The Lessons To Be Learned
There are two important take-aways from this example. First, and most important, you should fully disclose your assets and be completely honest and forthcoming in your bankruptcy petition. The consequences of not doing so are not worth the perceived benefit. Second, tell your bankruptcy attorney about everything. Keep no secrets. If they would have discussed the concerns they had about their assets with their experienced bankruptcy attorney they would have known they could have protected their assets.
The Bottom Line: The purpose of this post is not to tell you to take hidden assets down but, instead, to encourage you to list the assets you have and discuss those assets with your bankruptcy attorney. Facebook and other social media sites are now used to confirm that you are being forthcoming within your bankruptcy petition.
One of the first questions we often hear from our client’s is “what will happen to my property in bankruptcy?” It is often a confusing process and can be difficult to understand, which is why it is important to have a good bankruptcy attorney leading the way.
Most of the time your property is protected in bankruptcy. Federal and state laws allow us to use what are called “exemptions” to help protect certain amounts of a family’s real and personal property. This may include a home, vehicle, retirement savings, bank accounts, furniture and any other property you may have. Obviously, one of the most important pieces of property to protect is a family’s home if they want to continue to stay in their residence. So, how is a residential property protected in bankruptcy? By using a tool called the homestead exemption.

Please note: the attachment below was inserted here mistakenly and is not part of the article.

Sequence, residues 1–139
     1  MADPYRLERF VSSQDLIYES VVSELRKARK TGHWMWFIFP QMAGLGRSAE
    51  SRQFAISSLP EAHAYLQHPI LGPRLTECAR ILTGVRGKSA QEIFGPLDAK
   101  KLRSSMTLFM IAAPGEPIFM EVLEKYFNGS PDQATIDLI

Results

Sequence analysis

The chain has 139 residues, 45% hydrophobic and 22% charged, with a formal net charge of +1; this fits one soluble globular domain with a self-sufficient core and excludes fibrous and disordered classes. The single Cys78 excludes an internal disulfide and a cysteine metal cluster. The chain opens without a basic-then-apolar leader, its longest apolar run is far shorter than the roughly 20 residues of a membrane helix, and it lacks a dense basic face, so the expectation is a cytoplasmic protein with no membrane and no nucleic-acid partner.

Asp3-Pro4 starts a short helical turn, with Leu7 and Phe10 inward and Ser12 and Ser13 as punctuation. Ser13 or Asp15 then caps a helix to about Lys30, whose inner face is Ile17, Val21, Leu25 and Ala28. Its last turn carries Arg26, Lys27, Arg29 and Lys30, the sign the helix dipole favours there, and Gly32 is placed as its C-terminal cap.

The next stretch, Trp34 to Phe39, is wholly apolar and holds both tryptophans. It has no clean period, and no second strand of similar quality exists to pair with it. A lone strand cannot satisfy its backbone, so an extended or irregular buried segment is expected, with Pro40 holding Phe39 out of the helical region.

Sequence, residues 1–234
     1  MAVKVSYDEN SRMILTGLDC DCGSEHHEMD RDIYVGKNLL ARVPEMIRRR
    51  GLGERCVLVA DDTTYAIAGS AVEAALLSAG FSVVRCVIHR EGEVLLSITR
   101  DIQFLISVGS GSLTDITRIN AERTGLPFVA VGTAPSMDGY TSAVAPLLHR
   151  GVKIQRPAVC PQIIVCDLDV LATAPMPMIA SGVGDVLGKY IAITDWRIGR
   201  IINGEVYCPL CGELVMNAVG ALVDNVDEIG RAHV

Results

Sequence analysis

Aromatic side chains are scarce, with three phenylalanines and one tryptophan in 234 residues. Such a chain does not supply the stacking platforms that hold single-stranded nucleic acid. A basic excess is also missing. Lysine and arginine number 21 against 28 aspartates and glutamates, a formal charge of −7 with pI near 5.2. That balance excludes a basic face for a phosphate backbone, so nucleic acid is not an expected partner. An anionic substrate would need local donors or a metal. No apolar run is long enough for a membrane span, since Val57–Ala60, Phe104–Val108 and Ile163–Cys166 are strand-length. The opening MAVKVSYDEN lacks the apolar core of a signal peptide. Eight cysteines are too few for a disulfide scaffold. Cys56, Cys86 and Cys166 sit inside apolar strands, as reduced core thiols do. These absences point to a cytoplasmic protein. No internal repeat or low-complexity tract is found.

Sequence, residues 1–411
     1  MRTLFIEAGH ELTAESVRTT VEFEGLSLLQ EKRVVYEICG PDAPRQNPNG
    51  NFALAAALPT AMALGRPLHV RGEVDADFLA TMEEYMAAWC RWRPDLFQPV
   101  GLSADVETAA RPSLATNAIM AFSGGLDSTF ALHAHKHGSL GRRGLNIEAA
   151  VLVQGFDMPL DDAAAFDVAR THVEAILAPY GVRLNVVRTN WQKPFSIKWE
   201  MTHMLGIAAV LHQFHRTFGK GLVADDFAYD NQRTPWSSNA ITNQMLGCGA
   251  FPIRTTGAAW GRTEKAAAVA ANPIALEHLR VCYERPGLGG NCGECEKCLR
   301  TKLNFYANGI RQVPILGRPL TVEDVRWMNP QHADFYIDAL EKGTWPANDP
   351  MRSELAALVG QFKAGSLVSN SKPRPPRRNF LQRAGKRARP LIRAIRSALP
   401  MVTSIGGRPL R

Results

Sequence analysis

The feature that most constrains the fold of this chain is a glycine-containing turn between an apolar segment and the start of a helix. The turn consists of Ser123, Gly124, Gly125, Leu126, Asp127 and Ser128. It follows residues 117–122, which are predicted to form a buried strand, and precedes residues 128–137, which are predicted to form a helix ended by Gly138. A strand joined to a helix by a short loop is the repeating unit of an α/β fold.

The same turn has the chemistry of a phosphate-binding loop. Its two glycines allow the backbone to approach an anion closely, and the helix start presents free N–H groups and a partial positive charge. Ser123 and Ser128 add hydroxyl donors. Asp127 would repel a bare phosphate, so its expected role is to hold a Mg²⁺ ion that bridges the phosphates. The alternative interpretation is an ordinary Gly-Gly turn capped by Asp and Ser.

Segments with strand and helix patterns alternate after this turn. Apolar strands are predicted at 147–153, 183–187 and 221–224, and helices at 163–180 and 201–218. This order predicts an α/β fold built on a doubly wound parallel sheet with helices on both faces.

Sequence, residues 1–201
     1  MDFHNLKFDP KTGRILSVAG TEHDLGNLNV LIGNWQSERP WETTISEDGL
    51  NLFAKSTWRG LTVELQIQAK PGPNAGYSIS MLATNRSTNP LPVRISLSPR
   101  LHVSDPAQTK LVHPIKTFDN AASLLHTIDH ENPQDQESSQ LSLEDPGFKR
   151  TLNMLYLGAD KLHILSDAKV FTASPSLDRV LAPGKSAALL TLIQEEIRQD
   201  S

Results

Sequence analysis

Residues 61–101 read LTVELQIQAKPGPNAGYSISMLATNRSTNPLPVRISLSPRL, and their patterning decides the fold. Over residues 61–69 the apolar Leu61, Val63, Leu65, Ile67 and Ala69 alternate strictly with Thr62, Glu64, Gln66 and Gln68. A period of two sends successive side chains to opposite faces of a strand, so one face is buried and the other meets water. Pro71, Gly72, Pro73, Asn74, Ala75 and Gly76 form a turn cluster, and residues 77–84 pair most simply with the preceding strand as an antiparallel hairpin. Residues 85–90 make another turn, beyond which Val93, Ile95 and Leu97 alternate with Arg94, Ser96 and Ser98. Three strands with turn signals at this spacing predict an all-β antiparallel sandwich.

The Homestead Exemption:
An individual or family’s home can be protected with what is called the homestead exemption in bankruptcy. An important thing to keep in mind is “homestead” means your residence at the time of filing bankruptcy and is utilized for those clients who have a residential property. In other words, if you are renting you will not likely come across the homestead exemption in your bankruptcy because you don’t have any equity in the property since it is only a rental.
North Carolina laws allow us to protect $35,000 in equity per individuals name on the deed. For a married couple that has both of their names on the deed to a residence we can exempt up to $70,000 in equity in their residence. Therefore, you can understand the importance of checking your property to see whose names are on the deed to the property. (Note: In North Carolina most married couples will have both of their names on the deed but may have only one name on the mortgage or deed of trust.)
In determining how to best use the homestead exemption we would first want to find out what the person’s situation is on their home. Are they current? Behind? Are they able to get caught up before filing a bankruptcy? The answers to all of those questions affect whether the client would be filing a Chapter 7 bankruptcy or Chapter 13 bankruptcy. We would also look at the amount of equity in their home by finding out what’s owed on any mortgages and the current fair market value of the property. It’s important to be sure we are reflecting accurate values on both the mortgage amount(s) and the property value.
Generally speaking, the homestead exemption allows most people to be able to keep their home. In a Chapter 7 bankruptcy, whether a person is filing individually or joint with a spouse, the homestead exemption will likely cover what’s remaining in equity. If you are concerned your house will exceed the exemption amounts mentioned above, we recommend consulting with an experienced bankruptcy attorney. Chapter 13 bankruptcy could be an option for someone who exceeds the exemption amounts but you would need to consult with a bankruptcy attorney for more accurate options. The homestead exemption is important in bankruptcy because it allows families to be able to keep their homes.